You may not realize the number of people, programs, time, and advocacy that created that moment. You may not realize that moment wouldn’t have been possible just ten years ago, or that it shines a light on some ongoing challenges facing families. You may not realize that what you’re seeing is a powerful example of a healthy family supported by a healthy community.

And this is exactly why Jesse’s story is so important to share.

“When you have a child with a disability,” said Anita Clegg, Jesse’s mother, “there are no days off.” Jesse, now 21 years old, was born and raised in Smithers. Jesse has Down syndrome and, throughout his life, the Clegg family was committed to breaking ground in the community. “We put ourselves and Jesse out there,” shared Anita, “because it was important for us to show that everyone has abilities. As people learn more and connect with Jesse, we’ve seen shifts in thinking.”

When Anita says that “the village helped to raise our child,” this is not a cliché. While Jesse’s parents continue to assume a strong advocacy role, the impact of community members, organizations, and businesses on Jesse’s life is profound.

Consider the local bowling alley …

“Anything round that moved, Jesse was on it!” said Anita. “So bowling was a good fit. Jesse couldn’t start with Special Olympics until he was a teenager so, when he was 10, we asked about joining the town league. The bowling alley was very supportive and Jesse joined a team with typical kids. One year, he was the high scorer for the teen youth league! Jesse still loves to bowl and the bowling alley is a safe, welcoming, and familiar place for him.”

… and the pediatrician …

“Our pediatrician truly went to bat for Jesse. He understood Jesse’s needs, made connections that others wouldn’t have made, and helped to advocate for Jesse from birth right until he turned 18.”

Young man holding a wrench

In addition to being an artist and photographer, Jesse has taken up industrial iron furniture making.

… and the family friend …

“Safe and reliable respite is so important for families,” shared Anita. “We were very fortunate to have a family friend offer to take Jesse one day each week, starting in his last year of high school. They started out by just playing cards with me around but now they spend the afternoon together. Jesse has dinner with her family.”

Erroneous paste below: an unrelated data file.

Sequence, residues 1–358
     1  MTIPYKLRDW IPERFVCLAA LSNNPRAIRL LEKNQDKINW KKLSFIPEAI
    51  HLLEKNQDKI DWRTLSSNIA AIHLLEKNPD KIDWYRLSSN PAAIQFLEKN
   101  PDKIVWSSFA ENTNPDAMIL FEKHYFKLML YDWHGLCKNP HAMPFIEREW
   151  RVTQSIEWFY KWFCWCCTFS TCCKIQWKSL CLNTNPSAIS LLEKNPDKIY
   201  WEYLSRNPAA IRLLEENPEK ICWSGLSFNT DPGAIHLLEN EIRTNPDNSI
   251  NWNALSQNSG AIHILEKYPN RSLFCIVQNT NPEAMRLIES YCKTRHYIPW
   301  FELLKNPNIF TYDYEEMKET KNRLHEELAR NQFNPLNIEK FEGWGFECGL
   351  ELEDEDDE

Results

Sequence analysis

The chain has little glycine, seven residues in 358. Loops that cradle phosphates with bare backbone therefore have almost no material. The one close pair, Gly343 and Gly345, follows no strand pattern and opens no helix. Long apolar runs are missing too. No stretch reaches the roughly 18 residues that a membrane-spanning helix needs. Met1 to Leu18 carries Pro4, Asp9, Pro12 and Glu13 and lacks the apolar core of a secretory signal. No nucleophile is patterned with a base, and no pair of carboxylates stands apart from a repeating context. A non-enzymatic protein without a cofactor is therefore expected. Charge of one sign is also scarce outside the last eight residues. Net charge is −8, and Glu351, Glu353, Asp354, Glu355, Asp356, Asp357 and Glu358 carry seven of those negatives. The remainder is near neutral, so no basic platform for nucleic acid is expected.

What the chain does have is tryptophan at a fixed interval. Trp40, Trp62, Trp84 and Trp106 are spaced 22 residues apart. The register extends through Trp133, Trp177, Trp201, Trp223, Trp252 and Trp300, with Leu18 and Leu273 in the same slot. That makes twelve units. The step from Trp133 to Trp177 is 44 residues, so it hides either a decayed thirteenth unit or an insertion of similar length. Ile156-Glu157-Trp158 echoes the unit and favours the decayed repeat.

… and the local business owner …

“Jesse is now in the workforce,” said Anita, “and that involved a lot of people coming together. It was a lengthy process but well worth it! When we told Jesse that the employment plan was going to be possible, his exact words were: ‘Everything is perfect!’ This process started with Jesse’s microboard (nine family members and community members) working with Jesse to create a picture of his skills, interests, and strengths. Jesse shared that he’d love to work at Sport Chek – which came out of the blue to us since he’d never been there! Our local WorkBC office asked the manager if they’d be interested in a supportive employment opportunity. The manager instantly said yes and went even further, integrating Jesse as a full team member, without a support person. His colleagues trained him and have been fantastic – many of them knew Jesse from school.”

Young man sanding stool top.

Jesse puts the finishing touches on a bar stool he built.

These supportive community experiences, however, also point to some of the challenges that Jesse’s story illuminates:

  • Access to health and social services is an important determinant of health. Unfortunately, Jesse’s pediatrician – whose role cannot be understated – recently retired. Anita identified this, along with some other changes to local social service delivery, as a challenge.
  • Respite for families is crucial. The Cleggs benefited from the generosity and support of their friend. Unfortunately, Anita shares that funding for organized respite and semi-independent housing for young adults with disabilities is being spread thinner and thinner.